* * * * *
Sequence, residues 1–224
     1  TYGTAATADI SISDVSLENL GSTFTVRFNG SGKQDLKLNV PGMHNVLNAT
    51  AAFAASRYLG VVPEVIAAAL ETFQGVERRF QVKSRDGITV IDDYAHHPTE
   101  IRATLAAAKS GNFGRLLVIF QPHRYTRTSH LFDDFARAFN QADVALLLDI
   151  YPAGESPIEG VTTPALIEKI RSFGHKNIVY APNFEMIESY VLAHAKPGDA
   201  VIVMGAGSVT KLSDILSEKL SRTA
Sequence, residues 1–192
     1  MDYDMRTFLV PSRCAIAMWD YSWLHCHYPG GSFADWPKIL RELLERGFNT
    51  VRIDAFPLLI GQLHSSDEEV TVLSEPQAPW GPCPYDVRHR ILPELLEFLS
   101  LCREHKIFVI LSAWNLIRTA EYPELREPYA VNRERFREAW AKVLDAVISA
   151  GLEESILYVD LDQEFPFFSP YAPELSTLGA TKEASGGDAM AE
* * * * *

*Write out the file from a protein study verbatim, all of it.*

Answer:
Sequence, residues 1–224
     1  TYGTAATADI SISDVSLENL GSTFTVRFNG SGKQDLKLNV PGMHNVLNAT
    51  AAFAASRYLG VVPEVIAAAL ETFQGVERRF QVKSRDGITV IDDYAHHPTE
   101  IRATLAAAKS GNFGRLLVIF QPHRYTRTSH LFDDFARAFN QADVALLLDI
   151  YPAGESPIEG VTTPALIEKI RSFGHKNIVY APNFEMIESY VLAHAKPGDA
   201  VIVMGAGSVT KLSDILSEKL SRTA
Sequence, residues 1–192
     1  MDYDMRTFLV PSRCAIAMWD YSWLHCHYPG GSFADWPKIL RELLERGFNT
    51  VRIDAFPLLI GQLHSSDEEV TVLSEPQAPW GPCPYDVRHR ILPELLEFLS
   101  LCREHKIFVI LSAWNLIRTA EYPELREPYA VNRERFREAW AKVLDAVISA
   151  GLEESILYVD LDQEFPFFSP YAPELSTLGA TKEASGGDAM AE